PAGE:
Blackrock launches the first defined-maturity TIPS ETFs [US but notable]ETF.com

Open an account with low-cost platform InvestEngine via our link and get £25 when you invest at least £100 (T&Cs apply. Capital at risk) – InvestEngine

Simple trick to secure best buy Natwest easy access account rate of 5.2% – This Is Money

British Gas extends half-price electricity on Sundays offer this winter – This Is Money

Get £50 free trading credit when you open an account with Interactive Investor. Terms apply – Interactive Investor

What’s happening with buy-to-let mortgage rates? – Which

Homes for sale with a blue plaque, in pictures – Guardian

Comment and opinion

Seven beliefs about money – Of Fortunes & Frictions

At long last, bonds once again matter – Morningstar

How to make the right type of withdrawal from your pension [Search result]FT

I’m wealthy if I can… – Thomas Kopelman

Five years of FIRE. Was it worth it? – Far and Wide

Retiring to a cabin in the woods – Financial Samurai

Can you make money ‘stoozing’ with a 0% credit card? – Which

The thin line between bold and reckless – Morgan Housel

Even a successful financial life will take a few hits – Humble Dollar

Asset class CAPM – Verdad

Three things investment people hate to admit – A Wealth of Common Sense

Charted: retirement age by country [Infographic]Visual Capitalist

Naughty corner: Active antics

The importance of an economic moat – Flyover Stocks

Ruffer’s recession red flags and four moves to protect against them – Trustnet

Looking for an edge – Humble Dollar

Saddling up for the unicorn massacre [Search result]FT

The top 40 high-yield blue chip UK stocks – UK Dividend Stocks

Kindle book bargains

The Simple Path to Wealth by JL Collins – £0.99 on Kindle

Mastering the Market Cycle by Howard Marks – £0.99 on Kindle

The Power of Moments by Chip and Dan Heath – £0.99 on Kindle

Think and Grow Rich by Napoleon Hill – £0.99 on Kindle

Environmental factors

September 2023 hottest on record by ‘extraordinary’ margin, say scientists – Sky

Cheap heat pumps on offer from energy firms – This Is Money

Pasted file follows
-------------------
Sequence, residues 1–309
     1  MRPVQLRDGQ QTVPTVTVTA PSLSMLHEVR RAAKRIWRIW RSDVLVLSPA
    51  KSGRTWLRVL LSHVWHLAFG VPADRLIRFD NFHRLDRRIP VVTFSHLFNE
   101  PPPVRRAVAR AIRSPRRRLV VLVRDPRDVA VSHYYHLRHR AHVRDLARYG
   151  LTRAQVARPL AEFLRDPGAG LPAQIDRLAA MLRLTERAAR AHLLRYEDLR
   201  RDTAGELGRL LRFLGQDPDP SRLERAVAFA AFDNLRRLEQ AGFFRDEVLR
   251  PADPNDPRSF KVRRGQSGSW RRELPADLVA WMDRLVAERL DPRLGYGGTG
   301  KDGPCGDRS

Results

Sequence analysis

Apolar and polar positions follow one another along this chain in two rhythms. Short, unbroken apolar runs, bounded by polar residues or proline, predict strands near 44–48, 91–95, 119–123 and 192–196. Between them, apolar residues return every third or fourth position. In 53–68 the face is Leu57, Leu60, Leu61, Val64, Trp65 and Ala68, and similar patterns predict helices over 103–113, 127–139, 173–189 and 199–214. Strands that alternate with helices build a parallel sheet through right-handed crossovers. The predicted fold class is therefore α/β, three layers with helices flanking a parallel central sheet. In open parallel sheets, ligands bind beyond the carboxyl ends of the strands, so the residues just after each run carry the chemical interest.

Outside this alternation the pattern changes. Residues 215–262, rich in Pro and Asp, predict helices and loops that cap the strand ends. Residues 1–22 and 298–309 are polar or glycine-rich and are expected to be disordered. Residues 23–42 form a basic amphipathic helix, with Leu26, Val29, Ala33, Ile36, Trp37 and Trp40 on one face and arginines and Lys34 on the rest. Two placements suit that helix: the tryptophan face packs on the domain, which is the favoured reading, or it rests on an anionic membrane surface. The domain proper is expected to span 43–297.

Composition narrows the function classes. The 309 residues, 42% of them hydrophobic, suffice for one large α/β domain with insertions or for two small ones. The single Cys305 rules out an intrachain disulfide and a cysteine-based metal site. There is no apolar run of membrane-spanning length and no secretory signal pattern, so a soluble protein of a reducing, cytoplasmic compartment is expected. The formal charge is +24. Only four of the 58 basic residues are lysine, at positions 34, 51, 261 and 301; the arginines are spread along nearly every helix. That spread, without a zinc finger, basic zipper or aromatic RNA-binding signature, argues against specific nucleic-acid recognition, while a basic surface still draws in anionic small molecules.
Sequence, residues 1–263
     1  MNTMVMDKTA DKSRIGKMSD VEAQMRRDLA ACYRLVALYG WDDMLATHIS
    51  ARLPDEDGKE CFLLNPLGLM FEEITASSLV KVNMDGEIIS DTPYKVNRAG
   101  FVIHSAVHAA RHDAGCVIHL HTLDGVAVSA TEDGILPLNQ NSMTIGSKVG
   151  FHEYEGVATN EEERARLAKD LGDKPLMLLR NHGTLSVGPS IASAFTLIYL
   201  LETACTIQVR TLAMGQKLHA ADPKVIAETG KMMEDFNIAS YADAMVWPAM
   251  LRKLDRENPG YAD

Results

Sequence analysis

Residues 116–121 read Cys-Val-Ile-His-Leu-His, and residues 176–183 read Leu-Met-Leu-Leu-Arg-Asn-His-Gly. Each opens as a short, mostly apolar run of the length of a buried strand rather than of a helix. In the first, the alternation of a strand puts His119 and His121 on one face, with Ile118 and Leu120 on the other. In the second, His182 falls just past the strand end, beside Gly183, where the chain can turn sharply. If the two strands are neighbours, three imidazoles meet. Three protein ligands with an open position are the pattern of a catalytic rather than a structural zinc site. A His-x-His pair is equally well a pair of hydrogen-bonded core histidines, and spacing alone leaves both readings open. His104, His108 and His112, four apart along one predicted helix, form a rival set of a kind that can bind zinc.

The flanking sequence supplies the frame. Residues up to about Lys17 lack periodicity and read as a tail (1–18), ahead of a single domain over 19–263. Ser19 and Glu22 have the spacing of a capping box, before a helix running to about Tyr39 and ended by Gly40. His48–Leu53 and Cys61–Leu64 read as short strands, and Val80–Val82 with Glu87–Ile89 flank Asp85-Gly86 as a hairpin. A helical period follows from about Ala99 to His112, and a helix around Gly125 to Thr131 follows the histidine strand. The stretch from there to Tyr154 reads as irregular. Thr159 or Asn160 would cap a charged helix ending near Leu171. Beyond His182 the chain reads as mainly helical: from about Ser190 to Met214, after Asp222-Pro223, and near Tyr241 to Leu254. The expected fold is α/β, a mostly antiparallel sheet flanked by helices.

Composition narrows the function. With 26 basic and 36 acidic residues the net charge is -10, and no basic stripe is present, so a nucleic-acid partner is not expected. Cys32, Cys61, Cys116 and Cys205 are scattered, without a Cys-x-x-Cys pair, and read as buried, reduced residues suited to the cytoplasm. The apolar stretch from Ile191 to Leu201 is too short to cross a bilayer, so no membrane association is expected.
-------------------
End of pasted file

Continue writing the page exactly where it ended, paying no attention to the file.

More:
Britain’s greenest banks – Which

10,000 ‘superhero’ oysters seed a new offshore reef in the North East – ZSL

Are we outsourcing pollution? – Klement on Investing

Countries pledge $12bn to fund coral reef protection – Reuters

Robot overlord roundup

Excogitation – Indeedably

The AI boom-bust – Dror Poleg

Unbundling AI – Benedict Evans

Hallucinating machines [Search result]FT

Off our beat

“Managed decline“: the uncertain future for British rail after cuts to HS2 [Search result]FT

Respect and admiration [Podcast]Morgan Housel

The nuanced impact of working from home on productivity – The Hill

The truth is always made of details – Raptitude

Fooling ourselves – Seth Godin

Are you old, globally-speaking? [Interactive tool]Population.io

How a big pharma company stalled a potentially lifesaving TB vaccine – ProPublica

Discover your innate personality trains [Fun personality quiz]Taiwan Design Expo

Full-time children: the 20-somethings who never grow up – Guardian

And finally…

“Money is, in other words, an entirely social phenomenon. If Jeff Bezos was to avoid a nuclear war by escaping to a bunker on his secret island lair and then emerge a year later as the only surviving human on earth, his billions of dollars would be of no value whatsoever; with no one to trade with, money is useless. Imagine he then wandered the earth and came across a primitive Pacific tribe that had somehow survived, and who exchanged value by sharing the prettiest shells they can find. Jeff could show them wads of paper with pictures of Benjamin Franklin on them, but it wouldn’t get him very far.”
– Rob Dix, The Price of Money

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The post Weekend reading: System addicts appeared first on Monevator.